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Fire engulfs Khartoum’s iconic Greater Nile Petroleum Operating Company

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An 18-storey building in the centre of Sudan’s capital has been engulfed in flames amid ongoing fighting in the country.

The Greater Nile Petroleum Operating Company (GNPOC) Tower, situated in downtown Khartoum, caught fire early on Sunday during clashes between the Sudanese army and the Rapid Support Forces (RSF), according to Sudanese media.

It is unclear how the fire started or whether anyone was killed. Online footage of the blaze showed clouds of dark smoke rising from the burned-out glass tower, one of the tallest buildings in Khartoum. The latest fighting in the capital left three key landmark towers in the Al Mugran district gutted by fire: GNPOC, the Ministry of Justice, and the Sudanese Standards and Metrology Organization.

Sudan has been rocked by violence since mid-April, when tensions between the country’s military, led by General Abdel Fattah al-Burhan, and the RSF, commanded by General Mohamed Hamdan Dagalo, burst into open fighting. The conflict has reduced Khartoum to an urban war zone. In Greater Khartoum, RSF troops have commandeered civilian homes and turned them into operational bases, while the military has responded by bombing the residential areas, rights groups and activists say.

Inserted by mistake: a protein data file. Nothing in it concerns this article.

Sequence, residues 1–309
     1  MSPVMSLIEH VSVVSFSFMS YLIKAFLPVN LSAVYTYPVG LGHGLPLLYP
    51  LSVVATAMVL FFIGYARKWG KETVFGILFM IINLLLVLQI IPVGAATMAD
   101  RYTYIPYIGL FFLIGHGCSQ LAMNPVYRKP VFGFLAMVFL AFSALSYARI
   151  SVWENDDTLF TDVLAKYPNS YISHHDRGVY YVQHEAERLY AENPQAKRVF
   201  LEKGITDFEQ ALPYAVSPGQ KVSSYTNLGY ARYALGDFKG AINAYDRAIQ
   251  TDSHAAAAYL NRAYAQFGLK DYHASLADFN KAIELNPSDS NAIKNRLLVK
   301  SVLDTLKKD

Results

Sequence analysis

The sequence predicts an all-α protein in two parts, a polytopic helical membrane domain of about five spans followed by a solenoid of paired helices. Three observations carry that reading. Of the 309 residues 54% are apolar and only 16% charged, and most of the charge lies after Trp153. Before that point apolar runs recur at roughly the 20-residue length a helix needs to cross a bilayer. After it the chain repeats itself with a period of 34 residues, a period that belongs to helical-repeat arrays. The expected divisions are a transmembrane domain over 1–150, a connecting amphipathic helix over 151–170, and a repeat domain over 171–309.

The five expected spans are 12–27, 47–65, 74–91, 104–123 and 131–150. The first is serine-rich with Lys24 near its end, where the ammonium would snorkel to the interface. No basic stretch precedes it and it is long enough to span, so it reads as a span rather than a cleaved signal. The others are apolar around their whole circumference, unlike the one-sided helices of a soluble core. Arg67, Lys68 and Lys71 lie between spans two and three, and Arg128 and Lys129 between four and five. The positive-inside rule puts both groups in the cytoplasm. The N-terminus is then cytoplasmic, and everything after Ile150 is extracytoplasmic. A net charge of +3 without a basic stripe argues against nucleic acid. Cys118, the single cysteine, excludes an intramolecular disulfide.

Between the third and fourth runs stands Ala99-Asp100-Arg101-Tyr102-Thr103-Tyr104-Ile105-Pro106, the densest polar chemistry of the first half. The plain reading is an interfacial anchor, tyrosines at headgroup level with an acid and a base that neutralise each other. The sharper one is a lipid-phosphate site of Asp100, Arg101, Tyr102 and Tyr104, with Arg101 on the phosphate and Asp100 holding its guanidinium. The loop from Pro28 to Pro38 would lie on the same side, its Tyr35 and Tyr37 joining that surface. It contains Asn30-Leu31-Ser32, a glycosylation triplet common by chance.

In the western Darfur region, the conflict has morphed into ethnic violence, with the RSF and allied Arab militias attacking ethnic African groups, according to rights groups and the United Nations.

The conflict has killed more than 4,000 people, according to August figures from the UN. However, the real toll is almost certainly much higher, doctors and activists say. Last month, Amnesty International said both warring parties have committed extensive war crimes, including deliberate killings of civilians and sexual assault.

The GNPOC Tower was built in 2006 and served as the headquarters of a consortium of oil companies operating in Sudan. It was a landmark project that defined the skyline of Khartoum. The tower’s architect, Tagreed Abdin, expressed her pain on Twitter after seeing her work destroyed by fire. “This is truly painful,” she wrote. “Such senseless destruction.”

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